It’s information overload everywhere, and there’s not time enough to sleep and eat and stay fully apprised of what’s happening on this crazy blue dot of ours (two out of three ain’t bad). Here’s the weekend Sports Handle item, “Get a Grip,” recapping the week’s top U.S. sports betting stories, highlighting some fresh news, and rounding up key stories. Also check out this week’s Wild World of Gambling at US Bets.
Top stories this week
.@SuperBookSports spreads its signature contest's wealth by doubling down on in-season offerings.
— Sports Handle (@sports_handle) July 1, 2021
Maryland closer to opening application process
Maryland Gov. Larry Hogan on Wednesday named the final two members to the state’s Sports Wagering Application Review Commission. The group will be charged with assessing Maryland sports betting applications and issuing licenses for sports betting operators. The SWARC will also be responsible for creating the application process, which has the most comprehensive minority and female-owned business component in the country.
The Maryland Lottery and Gaming Commission is tasked with developing rules, and is expected to have a draft version ready for its July 15 board meeting. With the commission complete and draft rules coming, it’s possible that Marylanders could place wagers before the end of 2021. The state could have up to 60 licensed sportsbooks (theoretically), and the new law allows for retail locations and statewide digital platforms.
Hogan appointed former TeleCommunication Systems CEO Thomas M. Brandt, Jr., who will be the commission chair, and ex-financial services executive Bert Hash, Jr., who was the president and CEO of the Municipal Employees Credit Union of Baltimore (MECU), Inc.
The commission is comprised of seven members, including the governor’s two appointees and E. Randolph Merrimer, chair of the Lottery and Gaming Commission, or his designee. The other four members were appointed by Speaker of the House Adrienne Jones and Senate President Bill Ferguson. The appointed:
- Rosie Allen-Herring (National Capital Area United Way)
- Laura Gamble (regional president, PNC Bank)
- Cassandra Stevenson, (corporate tax chief at Raymond James Financial)
- Frank Turner (former Maryland delegate)
Wisconsin tribes joining party
Wisconsin’s Oneida Nation became the latest tribe to add Class III gaming to its pact and is poised to become the first group in Wisconsin to offer legal sports betting. According to a Thursday press release from Gov. Tony Evers’ office, the tribe and state have negotiated a new compact that will allow in-person and on-site mobile wagering on Oneida land. The new compact now must be sent to the U.S. Department of the Interior for review, which can take up to 45 days. Following approval, the pact must then be published in the Federal Register, which can take up to 90 days.
Betting on college sports and events with participants under the age of 19 will be prohibited.
The Oneidas own five gaming facilities Wisconsin, and according to the release from Evers’ office, the pact will allow for wagering at “Oneida casinos and affiliate locations.”
A day after the announcement, the Potawatomi Tribe, which has a casino in Milwaukee, expressed its interest in following suit, according to Fox11 News.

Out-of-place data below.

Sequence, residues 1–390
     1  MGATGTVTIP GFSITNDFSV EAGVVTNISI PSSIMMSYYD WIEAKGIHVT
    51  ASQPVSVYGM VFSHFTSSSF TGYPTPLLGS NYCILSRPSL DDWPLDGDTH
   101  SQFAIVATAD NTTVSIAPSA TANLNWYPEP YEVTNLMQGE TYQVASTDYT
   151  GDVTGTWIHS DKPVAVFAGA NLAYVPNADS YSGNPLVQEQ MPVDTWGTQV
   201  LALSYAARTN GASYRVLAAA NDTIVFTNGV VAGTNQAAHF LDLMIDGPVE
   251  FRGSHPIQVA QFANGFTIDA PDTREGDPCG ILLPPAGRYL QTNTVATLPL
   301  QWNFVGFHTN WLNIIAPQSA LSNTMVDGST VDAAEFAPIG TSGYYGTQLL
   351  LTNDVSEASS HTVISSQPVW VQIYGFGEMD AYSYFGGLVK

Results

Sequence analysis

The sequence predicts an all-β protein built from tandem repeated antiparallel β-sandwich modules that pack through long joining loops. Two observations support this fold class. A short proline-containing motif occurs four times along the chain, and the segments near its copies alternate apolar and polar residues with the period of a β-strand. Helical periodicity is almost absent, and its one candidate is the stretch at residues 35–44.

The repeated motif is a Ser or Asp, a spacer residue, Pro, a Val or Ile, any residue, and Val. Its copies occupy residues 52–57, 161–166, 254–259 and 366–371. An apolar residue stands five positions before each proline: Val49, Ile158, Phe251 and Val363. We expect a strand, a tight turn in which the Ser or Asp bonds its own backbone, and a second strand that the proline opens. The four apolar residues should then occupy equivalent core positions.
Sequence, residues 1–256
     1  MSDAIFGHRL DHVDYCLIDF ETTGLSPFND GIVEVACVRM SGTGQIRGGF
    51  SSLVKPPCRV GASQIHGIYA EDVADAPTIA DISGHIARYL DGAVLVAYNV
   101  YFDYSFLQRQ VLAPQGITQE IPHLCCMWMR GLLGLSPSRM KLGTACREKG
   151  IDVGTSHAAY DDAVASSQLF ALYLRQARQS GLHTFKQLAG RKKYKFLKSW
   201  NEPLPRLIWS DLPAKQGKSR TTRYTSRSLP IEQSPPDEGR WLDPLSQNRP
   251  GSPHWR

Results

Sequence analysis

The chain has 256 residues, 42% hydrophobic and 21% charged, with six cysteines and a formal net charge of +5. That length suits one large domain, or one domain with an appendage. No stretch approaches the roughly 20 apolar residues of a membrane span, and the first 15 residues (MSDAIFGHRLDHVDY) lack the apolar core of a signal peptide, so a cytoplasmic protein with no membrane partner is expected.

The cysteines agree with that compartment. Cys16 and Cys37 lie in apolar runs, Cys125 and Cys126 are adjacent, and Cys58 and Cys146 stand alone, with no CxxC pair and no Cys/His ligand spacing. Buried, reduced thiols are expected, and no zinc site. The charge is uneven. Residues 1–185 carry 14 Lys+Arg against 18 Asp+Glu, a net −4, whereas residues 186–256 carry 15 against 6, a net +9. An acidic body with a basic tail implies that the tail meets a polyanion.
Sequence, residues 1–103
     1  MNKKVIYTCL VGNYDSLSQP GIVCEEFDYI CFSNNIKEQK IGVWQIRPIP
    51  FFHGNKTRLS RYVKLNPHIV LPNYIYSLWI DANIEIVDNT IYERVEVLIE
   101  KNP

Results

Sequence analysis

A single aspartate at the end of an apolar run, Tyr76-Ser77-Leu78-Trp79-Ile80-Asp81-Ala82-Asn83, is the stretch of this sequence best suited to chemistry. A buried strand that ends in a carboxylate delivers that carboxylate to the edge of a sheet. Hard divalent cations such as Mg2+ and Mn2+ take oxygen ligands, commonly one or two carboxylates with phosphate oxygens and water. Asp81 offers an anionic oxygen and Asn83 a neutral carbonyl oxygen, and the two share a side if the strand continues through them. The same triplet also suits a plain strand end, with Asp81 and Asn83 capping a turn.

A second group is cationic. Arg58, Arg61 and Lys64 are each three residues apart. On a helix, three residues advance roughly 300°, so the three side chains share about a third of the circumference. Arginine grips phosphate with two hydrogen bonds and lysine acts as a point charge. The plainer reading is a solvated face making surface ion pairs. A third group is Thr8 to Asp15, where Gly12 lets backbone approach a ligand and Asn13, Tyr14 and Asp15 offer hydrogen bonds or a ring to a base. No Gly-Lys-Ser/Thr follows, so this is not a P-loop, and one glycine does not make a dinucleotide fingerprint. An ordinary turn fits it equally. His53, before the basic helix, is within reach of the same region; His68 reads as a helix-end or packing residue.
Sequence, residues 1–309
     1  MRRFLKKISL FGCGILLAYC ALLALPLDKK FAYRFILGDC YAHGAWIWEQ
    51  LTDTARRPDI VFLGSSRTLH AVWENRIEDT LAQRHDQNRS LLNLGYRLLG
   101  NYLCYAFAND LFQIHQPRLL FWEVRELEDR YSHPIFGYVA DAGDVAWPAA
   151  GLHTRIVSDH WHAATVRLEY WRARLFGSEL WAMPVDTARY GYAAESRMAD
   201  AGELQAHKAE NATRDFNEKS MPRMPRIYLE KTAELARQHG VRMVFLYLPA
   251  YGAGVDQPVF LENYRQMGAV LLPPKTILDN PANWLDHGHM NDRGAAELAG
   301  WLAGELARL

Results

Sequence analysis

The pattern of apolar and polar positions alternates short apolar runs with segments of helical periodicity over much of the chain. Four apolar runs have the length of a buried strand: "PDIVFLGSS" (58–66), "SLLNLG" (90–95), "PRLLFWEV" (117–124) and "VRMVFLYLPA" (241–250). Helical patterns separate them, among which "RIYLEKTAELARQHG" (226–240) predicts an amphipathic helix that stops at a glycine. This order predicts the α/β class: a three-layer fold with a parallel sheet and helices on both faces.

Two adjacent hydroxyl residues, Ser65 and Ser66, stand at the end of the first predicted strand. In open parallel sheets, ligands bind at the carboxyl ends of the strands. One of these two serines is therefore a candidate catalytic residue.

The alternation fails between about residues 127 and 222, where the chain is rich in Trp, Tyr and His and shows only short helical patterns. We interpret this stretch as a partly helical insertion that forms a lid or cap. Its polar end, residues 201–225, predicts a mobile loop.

“(Thursday’s) announcement of a sports betting compact agreement between the Governor and Oneida is welcomed news. The Potawatomi look forward to bringing sports betting to Milwaukee in the future,” tribal leaders said in a statement.
There are 11 tribes operating 26 gaming venues in Wisconsin, including the Ho-Chunk Tribe, which has seven gaming locations, and the St. Croix Chippewa Indians of Wisconsin, which has four locations. According to Madison.com, the state is already engaged in negotiations with at least one other tribe to amend its compact to include sports betting, and others are invited to do the same.
More of the most important, interesting stories
This year’s Hard Knocks, featuring the Dallas Cowboys, will debut Tuesday, Aug. 10 at 10 pm.
— Adam Schefter (@AdamSchefter) July 2, 2021
NEW ERA: NCAA athletes cash in on first day of NIL freedoms: ‘It’s like the Super Bowl.’ [FOS]
BUMP IN ROAD: The Louisiana Gaming Control Board needs a new boss to finish rules. [Advertiser]
DATA DEAL: NHL and Sportradar finalize 10-year worldwide deal. [Sportico]
PINNACLE: Obit for legendary gambler Stan Tomchin. [Independent]
Eat some hot dogs. Make picks on hot dogs. Because it's America's Block Party, and we're celebrating with a free Nathan's Famous Hotdog Eating Contest pool. Join now and play free for your share of $25,000: https://t.co/HgFjzZzHFS @originalnathans | @eatingcontest pic.twitter.com/CQKI2L8UjR
— DraftKings (@DraftKings) June 29, 2021
LONGSHOT: U.K. bettor hits $1.36M parlay on English putt. [ESPN]
BIG CHANGE: Sci Games will divest itself of sports betting and lottery. [CDC Gaming]
BILLIONS: NFL owners say gambling could make teams worth up to $10B. [B/R]
BIG BUCKS? Could sports betting be a boon for women’s sports? [Cronkite News]
THEY’VE GOT NEXT: Bally’s and WNBA’s Mercury Phoenix strike groundbreaking deal [AZ Sports]
Checking in on the Brooks and Bryson feud 😅 pic.twitter.com/u2k2VC1uk1
— GolfBet (@GolfBet) July 1, 2021
Here's a look at Purdum discussing the plight of sharp bettors, business decisions, European tentacles and what the future may hold.
— Sports Handle (@sports_handle) July 1, 2021